Occupy San Francisco has a different vibe than it's cousin across the Bay in Oakland even though some activists are shuttling between encampments. There appear to be less of the chronically homeless here. There is an attempt to work with city authorities around issues of hygiene and dealing with troublesome, dangerous elements that gravitate to the camp. They have achieved a fairly comfortable truce with the police. In this respect the demonstrators displayed remarkable resolve and non-violent tactics in their last major defense of their occupation against a police raid. This is well documented in Nicole Landau's short video.
While I was painting here, Occupiers abruptly began to reorganize the camp to make the Bocce Ball courts available for use. This gesture of goodwill had me scrambling to complete details of the encampment before it was entirely transformed!
No Business as Usual
Pundits and city officials who expect rain and cold weather to extinguish the Occupy movement are probably deluding themselves. To the casual eye these encampments resemble unkempt, homeless settlements - with one difference. A difference that betrays the deep intellectual resolve underlying the movement. Words are everywhere. Words march across paper, cardboard, wood, fabric and the pavement proclaiming slogans, thoughts, poems. The homeless in these encampments are not demoralized. They have joined forces with idealistic youth and veteran activists to wake the country up. Maybe, over time, to forge a new path.
Call them dreamers, but they're not the only ones. Outside the camps are thousands of supporters who, even it they are hanging on to solvency by their fingernails, are donating time and resources. This is what is stymying city halls in Oakland and San Francisco. Support for the movement is probably greater than support for any of our elected officials.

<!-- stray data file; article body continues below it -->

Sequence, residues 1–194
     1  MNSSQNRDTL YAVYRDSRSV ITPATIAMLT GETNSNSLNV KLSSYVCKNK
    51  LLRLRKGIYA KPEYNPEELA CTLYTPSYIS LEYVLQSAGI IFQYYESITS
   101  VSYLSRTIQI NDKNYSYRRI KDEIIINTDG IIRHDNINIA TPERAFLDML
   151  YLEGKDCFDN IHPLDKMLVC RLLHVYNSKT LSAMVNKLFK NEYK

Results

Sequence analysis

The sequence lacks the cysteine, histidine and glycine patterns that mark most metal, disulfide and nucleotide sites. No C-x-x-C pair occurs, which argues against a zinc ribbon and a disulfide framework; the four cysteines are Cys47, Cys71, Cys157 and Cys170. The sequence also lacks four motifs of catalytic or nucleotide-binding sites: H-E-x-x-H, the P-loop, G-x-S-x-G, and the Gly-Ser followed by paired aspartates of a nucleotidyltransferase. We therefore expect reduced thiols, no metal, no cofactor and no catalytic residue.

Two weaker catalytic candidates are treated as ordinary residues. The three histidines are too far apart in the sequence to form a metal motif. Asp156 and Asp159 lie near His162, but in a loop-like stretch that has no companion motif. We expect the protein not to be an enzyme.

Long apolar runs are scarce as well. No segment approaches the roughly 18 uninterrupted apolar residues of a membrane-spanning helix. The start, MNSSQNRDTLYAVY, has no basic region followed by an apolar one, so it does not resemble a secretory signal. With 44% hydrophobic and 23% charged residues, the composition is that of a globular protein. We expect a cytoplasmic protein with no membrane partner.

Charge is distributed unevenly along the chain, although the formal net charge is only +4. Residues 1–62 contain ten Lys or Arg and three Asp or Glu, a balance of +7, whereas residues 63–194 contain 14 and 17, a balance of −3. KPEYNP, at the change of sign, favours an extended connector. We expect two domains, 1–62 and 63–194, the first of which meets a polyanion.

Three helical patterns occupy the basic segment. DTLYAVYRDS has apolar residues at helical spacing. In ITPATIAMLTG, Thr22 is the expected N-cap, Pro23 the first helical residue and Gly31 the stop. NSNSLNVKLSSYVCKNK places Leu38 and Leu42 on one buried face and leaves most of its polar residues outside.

The country has awoken to the realization that most of the time most of our government does not act in the people's interest.
Occupy Wall Street has stepped forward in a radical vote of no confidence. They have correctly condemned the government and its institutions for overlooking the crimes of the rich ( even bailing them out - with our money.) while allowing the banks to illegally foreclose on the poor. In an act of civil disobedience, they are reclaiming the public square for the people.
Direct Action and Agents Provocateurs
There is talk in Oakland, since the late night vandalization of businesses after the General Strike, that the encampment is providing shelter for violent anarchists. I remain dubious. Historically anarchism, which has had many varied tendencies, has been overwhelmingly non-violent. (Indeed the 'humble and colossal' Camille Pissaro, father of Impressionism, whose works are now on display at the Legion of Honor was a lifelong anarcho-syndicalist – more about him in a later blog.) Most people I overheard or conversed with in Oakland were adamant in their commitment to non-violence.
A troubling aspect to these incidents is growing evidence a) that police have been infiltrating the movement and b) they and/or other national security agencies may be encouraging the masked 'black bloc' mob as a way of discrediting the entire movement. Clearly, it was not to the advantage of anyone in the Oakland encampment to break the windows of Sully's Cafe which has been openly supportive of the encampment.